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155 These definitions show that regionalism and integration are very close concepts. One of the essential preconditions for integration is a basic will and disposition to cooperate with other actors. This readiness and voluntariness of action also builds the ground for regionalism. In most cases, entities brought together by way of integration are also united by geographical vicinity. Integration processes often extend to the borders of a certain regional entity, e.g. a continent or parts of it respectively. Thus, in a certain way, European integration can be interpreted as a process of regional integration, a process that strengthens the economic, political and ideological links between the European states by way of cooperation. Baltic Sea Regionalism is based on similar grounds. Processing cooperation and networking across the Baltic Sea rim is an instance of integration, i.e. of the various actors conspiring for cooperation and togetherness. In line with this argumentation, BSR-based regionalism can be defined as yet another case of regional integration. Wrapping up, European integration and Baltic Sea Regionalism can both be seen as living examples of regional integration, with the geographical range building the main qualitative disparity between the two. Macro-level - European Integration Meso-level - Baltic Sea Regionalism Hence, besides the fact that the European project and the process of Baltic Sea Regionalism are closely related to each other (in the sense of macro- and respective subregion), it can also be assumed that they follow a similar logic, the logic of progressive integration. These considerations lead to the next step of argumentation. Given this conceptual closeness between regionalism and integration, it appears legitimate and viable to address the corpus of (European) Integration Theory (EIT) to try to explain the inherent dynamics of Baltic Sea Regionalism and moreover, to trace the correlation between the broader process of European integration and the specific regional development in the BSR. B. Theoretical Approaches to European Integration I. European Integration Theory: Addressing regional integration? Consulting the ‘oracle’ of EIT for the purpose of this study means, first and foremost, to concentrate on the ‘regional’ or ‘regionalist’ focus of the different theoretical approaches at hand. Many analysts equate the concept of ‘regional integration’ to that of ‘(general) integration’ by using the terms interchangeably.547 However, not all approaches to European integration do explicitly emphasize the geographical or regional aspect. According to Rosamond, viewing European integration as an instance of regionalism, i.e. as “the tendency of groups of territorially-adjacent states to cluster together into blocs”, is actually only one approach out of several. He claims that there are at least four different “locations”, where one can seek to find an explanation for European integration:548 547 See for example MATTLI Walter: The Logic of Regional Integration. Europe and Beyond. Cambridge 1999. 548 See ROSAMOND Ben: Theories of European Integration. Basingstoke 2000, pp. 14-15. 156 – International Organisations; – Regionalism; – Complex Policy and Governance Systems; – Subject sui generis. The materialization of the so-called European project has been a major challenge for International Relations (IR) Studies. The European integration process has been accompanied by decades of academic thinking, and thus, it inspired the establishment of what could be called an academic discipline of its own. European Integration Studies have brought about a large stock of theoretical approaches; in various different ways, analysts have tried to contribute to the global understanding of the political, institutional, social and economic processes that came along with the development of the European Community (EC), and later, the EU. Some approaches have managed to clarify certain aspects of integration, while they certainly failed to explain other particulars of the matter. However, it can generally be asserted that most traditional theoretical models of European integration do not specify or focus on the aspect of regionality or regionness. Indeed, most approaches take the fact of geographical adjacency for granted. Christiansen points at the fact that the EU has started very late to develop some sort of spatial approach towards certain policy issues. The process of seeking to achieve territorial integration came relatively late to the European project. For most of its life, the integration process had its emphasis on functional sectoral integration, geared towards greater mobility of goods, people and services […].549 Also Niemann argues that aspects of spatiality for many years have been systematically excluded from the European politics debate.550 This tendency in the European integration process has been largely reflected in the models of explanation drawn by the respective contemporary integration theorists. Generally, the influence of the EU’s development on the course of theory production seems close to obvious. Indeed, there are many examples that show how and to what extent EIT has followed the ups and downs of its subject, one of the most prominent ones being the rise, fall, and comeback of Neo-Functionalism in the wake of the Empty Chair crisis, and later, the SEA respectively.551 Concerning a regional perspective on European integration, these dynamics resulted in a deep-seated inability among the dominant theoretical paradigms in integration studies to analyse spatiality or space. The question of what effects physical vicinity can have on the course of the integrative development of a region cannot be considered very current in traditional EIT. However, some theoretical models, most importantly the ones that involve normative reasoning about identity-related aspects of integration appear to be more dedicated to the effect of regional adjacency with the most prominent example being social constructivist integration theory.552 549 CHRISTIANSEN Thomas: Towards Statehood? The EU’s move towards Constitutionalisation and Territorialisation. In: Centre for European Studies. University of Oslo (ed.): ARENA Working Paper, No. 21, August 2005, pp. 13-14. 550 See NIEMANN Michael: A Spatial Approach to Regionalisms in the Global Economy. Basingstoke 2000, pp. 4-5. 551 See DIEZ Thomas/WIENER Antje: Introducing the Mosaic of Integration Theory. In: Idd. (eds): European Integration Theory. Oxford 2004, pp. 1-24, here p. 13. 552 See chapter “The Discursive Construction of Regions”, p. 170-, and chapter “Why the Explanatory Power of Social Constructivism Remains Low”, p. 177-. 157 The following considerations aim at structuring the plethora of theories at hand according to broad tendencies and developments in order to support and prepare the then following discussion about applicability and interpretation of European Integration Theories for the analytical purposes of this study. II. Broad Tendencies and Competing Traditions in EIT Given the confusingly large number of different approaches to (European) integration, it appears appropriate to offer some kind of reference pattern or line for orientation that helps to overview the bulk of European Integration Theories. It is not in the scope of this chapter to provide an exhaustive picture of the history and the state-of-play in EIT. The following discussion is rather meant to impose some sort of structure onto the large sum of theoretical approaches that decades of research in the field of (European) integration have brought about. There are different ways of how to structure EIT. Diez and Wiener offer a chronological classification that helps to grasp the development of EIT as a strain within the broader framework of IR Studies.553 Before outlining the three main phases of EIT, they draw an overall picture of what they call the “proto-integration theory period,” i.e. the scholar development that set the basis for what later became known as “European Integration Theory”. According to this perspective, classic Functionalism, with David Mitrany being its main representative, poses as some sort of ‘prototype’ for all the theoretical reflections on European integration that followed.554 Wiener and Diez offer an overview that suggests different phases of EIT, emphasising the close relation between the socio-political context and the development of theory. Phase Period of time Main issues in EIT Explanatory after 1960 integration as a process Analytical after 1980 the outcome of integration, EU governance and institutional features Constructive after 1990 different forms and levels of governance social and ideological construction of integration Table 15: Phases in European Integration Theory555 553 See WIENER Antje: Finality vs. Enlargement. Opposing Rationales and Constitutive Practices towards a new Transnational Order. In: Jean Monnet Working Paper, 8/02. New York 2002, p. 4. 554 ‘A Working Peace System’ (1943) was Mitrany’s core publication. Impressed by the war experience, his contributions followed a very strong normative agenda. The main question addressed in his study was how to constrain states and prevent future war through the establishment of a network of transnational organizations on a functional basis. For him this question was more of a global concern than a specific European issue. In fact, Mitrany even strongly opposed the idea of regional integration since he perceived it to replicate rather than to transcend the state-centric design of International Relations. See ROSAMOND Ben: Theories of European Integration. Basingstoke 2000, p. 36. Early Federalism can also be perceived as part of this formative proto-period of European Integration Theory. In contrast to Functionalism, Federalism was more directly related to the European case, claiming, for instance, for the establishment of a European Federation of States. See DIEZ Thomas/WIENER Antje: Introducing the Mosaic of Integration Theory. In: Idd. (eds): European Integration Theory. Oxford 2004, pp. 1-24, here p. 7. 555 Table generated on the basis of DIEZ Thomas/WIENER Antje: Introducing the Mosaic of Integration Theory. In: Idd. (eds): European Integration Theory. Oxford 2004, pp. 1-24, here p. 7.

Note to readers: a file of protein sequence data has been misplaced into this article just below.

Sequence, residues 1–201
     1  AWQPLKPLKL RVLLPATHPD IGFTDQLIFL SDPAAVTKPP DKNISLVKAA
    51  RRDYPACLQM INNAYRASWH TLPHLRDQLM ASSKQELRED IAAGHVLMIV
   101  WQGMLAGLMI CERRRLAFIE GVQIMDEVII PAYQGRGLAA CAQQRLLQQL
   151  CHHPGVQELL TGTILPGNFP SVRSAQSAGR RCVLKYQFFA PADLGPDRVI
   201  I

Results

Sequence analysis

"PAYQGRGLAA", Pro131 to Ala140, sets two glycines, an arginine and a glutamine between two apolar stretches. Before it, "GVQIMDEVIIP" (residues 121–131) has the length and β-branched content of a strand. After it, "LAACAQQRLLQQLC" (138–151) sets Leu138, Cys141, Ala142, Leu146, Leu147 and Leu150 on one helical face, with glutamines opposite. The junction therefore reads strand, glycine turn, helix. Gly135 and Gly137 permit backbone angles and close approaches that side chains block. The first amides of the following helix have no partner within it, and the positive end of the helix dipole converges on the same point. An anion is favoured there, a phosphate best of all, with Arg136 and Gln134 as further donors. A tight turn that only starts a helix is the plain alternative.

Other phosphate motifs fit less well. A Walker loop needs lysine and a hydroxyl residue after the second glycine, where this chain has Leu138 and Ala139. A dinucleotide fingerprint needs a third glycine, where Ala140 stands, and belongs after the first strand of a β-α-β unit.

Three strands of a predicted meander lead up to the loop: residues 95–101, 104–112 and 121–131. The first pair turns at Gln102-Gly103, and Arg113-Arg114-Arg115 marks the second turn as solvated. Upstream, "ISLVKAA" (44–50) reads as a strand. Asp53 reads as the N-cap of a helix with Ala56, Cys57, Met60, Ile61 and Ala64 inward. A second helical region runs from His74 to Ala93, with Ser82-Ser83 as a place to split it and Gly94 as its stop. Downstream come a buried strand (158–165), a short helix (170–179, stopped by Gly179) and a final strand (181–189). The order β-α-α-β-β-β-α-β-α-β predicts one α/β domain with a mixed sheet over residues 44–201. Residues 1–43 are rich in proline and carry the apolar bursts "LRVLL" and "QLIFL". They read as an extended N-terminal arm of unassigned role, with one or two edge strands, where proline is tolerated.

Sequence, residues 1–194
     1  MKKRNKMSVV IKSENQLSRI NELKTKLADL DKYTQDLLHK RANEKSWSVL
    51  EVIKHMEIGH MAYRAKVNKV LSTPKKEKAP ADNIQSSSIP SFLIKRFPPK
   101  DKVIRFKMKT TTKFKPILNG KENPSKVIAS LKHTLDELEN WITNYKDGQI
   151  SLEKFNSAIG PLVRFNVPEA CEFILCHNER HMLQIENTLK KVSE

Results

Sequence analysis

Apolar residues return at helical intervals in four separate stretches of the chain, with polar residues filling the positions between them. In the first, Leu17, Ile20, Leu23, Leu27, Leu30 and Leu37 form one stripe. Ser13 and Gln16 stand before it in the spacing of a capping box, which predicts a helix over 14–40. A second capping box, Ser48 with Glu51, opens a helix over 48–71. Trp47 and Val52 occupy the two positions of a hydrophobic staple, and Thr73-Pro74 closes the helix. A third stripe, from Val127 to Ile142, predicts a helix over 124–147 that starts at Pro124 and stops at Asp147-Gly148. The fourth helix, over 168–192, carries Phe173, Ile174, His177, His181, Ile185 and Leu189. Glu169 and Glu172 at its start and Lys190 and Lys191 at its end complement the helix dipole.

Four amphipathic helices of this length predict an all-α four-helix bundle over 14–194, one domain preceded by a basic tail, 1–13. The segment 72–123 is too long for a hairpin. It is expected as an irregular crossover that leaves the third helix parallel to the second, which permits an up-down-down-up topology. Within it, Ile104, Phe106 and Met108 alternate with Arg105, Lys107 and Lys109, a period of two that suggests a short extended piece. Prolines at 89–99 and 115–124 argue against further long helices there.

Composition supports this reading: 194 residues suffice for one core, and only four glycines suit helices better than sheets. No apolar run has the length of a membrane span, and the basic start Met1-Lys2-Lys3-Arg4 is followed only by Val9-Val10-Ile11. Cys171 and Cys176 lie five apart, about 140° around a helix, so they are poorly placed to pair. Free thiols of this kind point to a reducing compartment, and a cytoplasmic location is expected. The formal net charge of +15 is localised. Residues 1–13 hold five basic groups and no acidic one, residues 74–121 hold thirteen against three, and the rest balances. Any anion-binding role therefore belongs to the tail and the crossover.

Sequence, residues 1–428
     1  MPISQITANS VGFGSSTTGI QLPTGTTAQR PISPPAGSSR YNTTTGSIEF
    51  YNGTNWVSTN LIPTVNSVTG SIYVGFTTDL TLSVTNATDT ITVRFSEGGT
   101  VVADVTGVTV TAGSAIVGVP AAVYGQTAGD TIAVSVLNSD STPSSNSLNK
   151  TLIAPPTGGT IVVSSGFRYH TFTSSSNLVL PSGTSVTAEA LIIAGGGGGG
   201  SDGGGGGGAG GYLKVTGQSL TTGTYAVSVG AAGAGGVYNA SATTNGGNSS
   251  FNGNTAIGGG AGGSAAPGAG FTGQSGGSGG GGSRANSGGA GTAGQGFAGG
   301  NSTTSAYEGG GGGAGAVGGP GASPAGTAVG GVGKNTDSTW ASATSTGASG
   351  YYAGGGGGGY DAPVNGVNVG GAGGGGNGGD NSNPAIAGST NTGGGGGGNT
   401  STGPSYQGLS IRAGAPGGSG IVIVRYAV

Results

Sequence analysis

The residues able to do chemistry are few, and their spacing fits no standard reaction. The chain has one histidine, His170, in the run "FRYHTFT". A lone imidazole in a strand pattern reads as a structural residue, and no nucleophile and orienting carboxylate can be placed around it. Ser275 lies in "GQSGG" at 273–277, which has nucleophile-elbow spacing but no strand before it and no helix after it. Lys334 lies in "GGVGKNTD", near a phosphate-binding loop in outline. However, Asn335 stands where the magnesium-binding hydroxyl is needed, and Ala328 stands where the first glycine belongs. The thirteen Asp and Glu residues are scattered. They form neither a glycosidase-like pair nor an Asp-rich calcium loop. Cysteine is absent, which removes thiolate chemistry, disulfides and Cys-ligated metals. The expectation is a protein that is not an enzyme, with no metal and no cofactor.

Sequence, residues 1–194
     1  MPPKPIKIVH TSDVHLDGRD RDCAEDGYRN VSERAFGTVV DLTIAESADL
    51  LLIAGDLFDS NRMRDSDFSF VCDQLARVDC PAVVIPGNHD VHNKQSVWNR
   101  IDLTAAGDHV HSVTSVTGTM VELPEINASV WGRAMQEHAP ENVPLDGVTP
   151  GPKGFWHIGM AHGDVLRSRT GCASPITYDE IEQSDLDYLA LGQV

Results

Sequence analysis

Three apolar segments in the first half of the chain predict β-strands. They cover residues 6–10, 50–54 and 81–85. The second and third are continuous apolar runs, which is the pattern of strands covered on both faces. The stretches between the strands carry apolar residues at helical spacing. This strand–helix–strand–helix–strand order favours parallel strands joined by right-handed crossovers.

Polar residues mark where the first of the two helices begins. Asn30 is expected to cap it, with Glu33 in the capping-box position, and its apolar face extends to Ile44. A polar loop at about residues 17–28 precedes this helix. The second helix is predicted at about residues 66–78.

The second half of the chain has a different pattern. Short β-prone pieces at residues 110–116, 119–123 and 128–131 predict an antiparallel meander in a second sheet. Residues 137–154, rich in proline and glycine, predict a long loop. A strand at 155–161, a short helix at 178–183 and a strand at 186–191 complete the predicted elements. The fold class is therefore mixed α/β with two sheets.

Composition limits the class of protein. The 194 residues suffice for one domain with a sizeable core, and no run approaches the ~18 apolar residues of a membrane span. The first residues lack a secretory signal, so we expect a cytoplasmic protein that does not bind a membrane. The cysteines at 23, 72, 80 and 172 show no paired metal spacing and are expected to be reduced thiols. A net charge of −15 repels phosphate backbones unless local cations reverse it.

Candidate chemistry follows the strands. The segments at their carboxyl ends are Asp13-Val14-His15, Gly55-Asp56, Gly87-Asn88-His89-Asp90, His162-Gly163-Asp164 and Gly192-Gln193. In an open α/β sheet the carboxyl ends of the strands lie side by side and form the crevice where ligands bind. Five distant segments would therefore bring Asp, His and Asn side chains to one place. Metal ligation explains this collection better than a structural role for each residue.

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Zusammenfassung

Seit 1989 ist es im Ostseeraum zu einer explosionsartigen Entstehung einer Vielzahl von regionalen Initiativen und Zusammenschlüssen gekommen. Der Ostseeraum weist bis heute eine europaweit einzigartig hohe Konzentration an kooperativen regionalen Strukturen auf. Diese bilden gemeinsam ein enges Netzwerk von Vereinigungen, die unter dem Überbegriff der "Ostseezusammenarbeit’ interagieren.

Diese Studie analysiert die Hintergründe dieses regionalen Phänomens oder so genannten „Ostsee-Rätsels“ auf Basis eines Vergleichs zwischen den Regionalpolitiken zweier staatlicher Schlüsselakteure, Schweden und Finnland, wobei der europäische Integrationsprozess als übergeordneter Bezugsrahmen für die Untersuchung dient.